That's the rub isn't it? There is no canonical 'Heroes and Villains' due to Brian's 'modular recording' concept. There are like a dozen different ones which shared sections between that and "Roll Plymouth Rock".

Sometimes with SMILE it's like where does one song begin and one end? One musicologist described the entire project as less of an album than a 'musical menagerie'.

I later read that the biggest problem was there were 90 hours of sessions. In the digital recording era, you'd have all these hundreds of tracks as files and you'd use Pro Tools to mix & match as you liked easily. But with analog tape - it was too daunting and Brian gave up.

Dave from Minnesota said...

St George......I agree on John's solo work. I realize he was the artsy creative liberal, but man was that some bad music.

But at the same time, I enjoy hearing music that I am unfamiliar with (Ringo, John, George solo). For Paul.....I didn't realize how many hits he had in the 70s. Must have been fun concerts to go to.

Dave from Minnesota said...

I wonder if Yoko wrote his music?

Unknown said...

Yes, I think ultimately the "snippet" method Wilson pioneered with "Good Vibrations" was a dead end. It took him six months to bring in a single using that technique, and when he tried to extend it to a whole album, it was just a bridge too far. Better to have worked out all the songs and had The Wrecking Crew cut the backing tracks as whole pieces as before.

My actual favorite version of H&V is from the Brother double live album. No "Cantina" section iirc, but it did bring in parts of "Bicycle Rider". Of course the instruments were just adequate given the live performance.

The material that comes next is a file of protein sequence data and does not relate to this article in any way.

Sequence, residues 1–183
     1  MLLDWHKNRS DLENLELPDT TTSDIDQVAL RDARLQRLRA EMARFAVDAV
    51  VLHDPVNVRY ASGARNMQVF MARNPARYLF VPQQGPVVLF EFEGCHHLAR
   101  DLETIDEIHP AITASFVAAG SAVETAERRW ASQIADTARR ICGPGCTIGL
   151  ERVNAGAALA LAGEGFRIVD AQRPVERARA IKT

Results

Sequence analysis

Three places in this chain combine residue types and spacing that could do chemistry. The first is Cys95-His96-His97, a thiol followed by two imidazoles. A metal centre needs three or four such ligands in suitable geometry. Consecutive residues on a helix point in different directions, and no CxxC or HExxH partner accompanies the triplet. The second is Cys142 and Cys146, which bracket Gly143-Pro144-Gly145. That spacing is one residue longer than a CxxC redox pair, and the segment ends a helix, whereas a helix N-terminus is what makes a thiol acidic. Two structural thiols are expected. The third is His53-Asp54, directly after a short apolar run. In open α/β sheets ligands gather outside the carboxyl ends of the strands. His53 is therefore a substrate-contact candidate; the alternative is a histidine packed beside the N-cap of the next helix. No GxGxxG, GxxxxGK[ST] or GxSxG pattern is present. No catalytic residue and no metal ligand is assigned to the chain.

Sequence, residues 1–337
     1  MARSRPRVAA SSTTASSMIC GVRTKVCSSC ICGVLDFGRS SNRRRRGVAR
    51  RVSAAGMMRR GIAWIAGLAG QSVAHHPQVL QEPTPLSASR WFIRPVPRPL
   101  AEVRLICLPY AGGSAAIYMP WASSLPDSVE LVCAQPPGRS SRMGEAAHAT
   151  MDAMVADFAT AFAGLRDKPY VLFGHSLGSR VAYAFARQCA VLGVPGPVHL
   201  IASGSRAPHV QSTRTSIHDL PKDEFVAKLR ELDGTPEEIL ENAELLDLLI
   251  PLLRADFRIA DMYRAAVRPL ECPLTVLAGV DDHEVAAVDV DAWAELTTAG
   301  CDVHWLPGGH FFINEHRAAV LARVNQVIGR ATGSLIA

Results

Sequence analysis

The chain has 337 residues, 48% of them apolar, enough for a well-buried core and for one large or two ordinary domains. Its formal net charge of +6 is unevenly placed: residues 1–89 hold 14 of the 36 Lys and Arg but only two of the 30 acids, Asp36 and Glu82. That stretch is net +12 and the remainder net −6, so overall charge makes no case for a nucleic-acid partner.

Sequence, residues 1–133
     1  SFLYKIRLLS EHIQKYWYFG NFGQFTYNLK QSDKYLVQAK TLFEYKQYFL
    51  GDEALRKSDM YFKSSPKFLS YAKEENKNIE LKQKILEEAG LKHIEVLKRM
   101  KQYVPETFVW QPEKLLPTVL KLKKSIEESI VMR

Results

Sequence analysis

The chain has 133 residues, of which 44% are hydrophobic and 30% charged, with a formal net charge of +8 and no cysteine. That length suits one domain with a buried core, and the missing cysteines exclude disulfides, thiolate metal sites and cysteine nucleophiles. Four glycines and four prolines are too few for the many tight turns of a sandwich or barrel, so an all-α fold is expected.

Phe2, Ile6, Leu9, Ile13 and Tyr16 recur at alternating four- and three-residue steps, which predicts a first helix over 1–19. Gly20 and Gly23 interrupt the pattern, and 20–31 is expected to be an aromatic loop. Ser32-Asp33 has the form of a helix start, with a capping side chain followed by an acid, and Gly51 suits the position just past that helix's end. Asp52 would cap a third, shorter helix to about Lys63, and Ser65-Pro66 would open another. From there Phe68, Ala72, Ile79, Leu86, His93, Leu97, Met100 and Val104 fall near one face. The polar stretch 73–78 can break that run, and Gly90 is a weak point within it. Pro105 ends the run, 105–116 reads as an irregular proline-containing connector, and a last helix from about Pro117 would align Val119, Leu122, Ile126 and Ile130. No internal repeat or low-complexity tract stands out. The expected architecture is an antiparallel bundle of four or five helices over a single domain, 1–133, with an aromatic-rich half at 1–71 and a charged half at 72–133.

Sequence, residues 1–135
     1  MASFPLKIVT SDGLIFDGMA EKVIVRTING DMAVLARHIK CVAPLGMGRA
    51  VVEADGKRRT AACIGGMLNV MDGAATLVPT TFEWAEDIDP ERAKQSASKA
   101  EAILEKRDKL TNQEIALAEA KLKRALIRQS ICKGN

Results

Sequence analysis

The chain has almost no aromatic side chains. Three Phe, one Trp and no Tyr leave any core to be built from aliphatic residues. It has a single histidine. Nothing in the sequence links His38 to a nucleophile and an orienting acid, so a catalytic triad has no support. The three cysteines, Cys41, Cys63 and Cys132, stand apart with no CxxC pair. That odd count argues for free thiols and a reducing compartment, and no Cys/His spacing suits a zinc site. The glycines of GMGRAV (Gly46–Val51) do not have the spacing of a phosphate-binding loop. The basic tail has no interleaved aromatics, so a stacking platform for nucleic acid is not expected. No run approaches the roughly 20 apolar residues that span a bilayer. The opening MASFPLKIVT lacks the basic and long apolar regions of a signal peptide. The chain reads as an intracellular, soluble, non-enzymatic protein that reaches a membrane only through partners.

Unknown said...

I saw Sir Paul in the last years of the 90s in Charlotte. Incredible show. He still sounded like The Beatles then. I heard him on NPR recently and he sounded.. old.

Nonapod said...

Guys like Brian Wilson, Peter Green, and Syd Barrett serve as cautionary tales of the dangers heavy use of LSD, especially if there's any kind of predilection towards schizophrenia in your family history.

Static Ping said...

My music collection is mostly made up of songs that are on greatest hits and "best hits of the X" compilations - most of my music collection is made of those - and very few actual albums. I own every Beatles album plus the Red and Blue greatest hits plus the "Past Masters" collections of "odds and ends." That should reflect what I think of them.

The other artist that I own all the albums are Billy Joel, Guns N Roses, and "Weird Al" Yankovic. Psychoanalyze that as you will.

My opinion of "Sgt. Pepper's" comes from someone who started listening to them long after they had broken up and after John Lennon's death. I didn't have any political or cultural axes to grind and no musical cred to protect. I loved the Beatles from the beginning, playing the Blue and Red albums over and over again. "Sgt. Pepper's" is one of the greatest albums ever written, but I am still very much on the fence whether it is the greatest Beatles album. There are six candidates for that distinction and which I pick probably depends on my mood that day.

cold pizza said...

Richard Goldstein later admitted that his stereo was broken and so he only heard the sound from the right-hand speakers. THAT'S what he was reviewing. Try listening now without one earbud in and you'll hear what he heard--no wonder his review was... confused. -CP

MadisonMan said...

Richard Goldstein later admitted that his stereo was broken

Lame excuse. A good critic would've been able to figure out the broken stereo pretty quickly.

Frank Zappa was right (quoted upthread)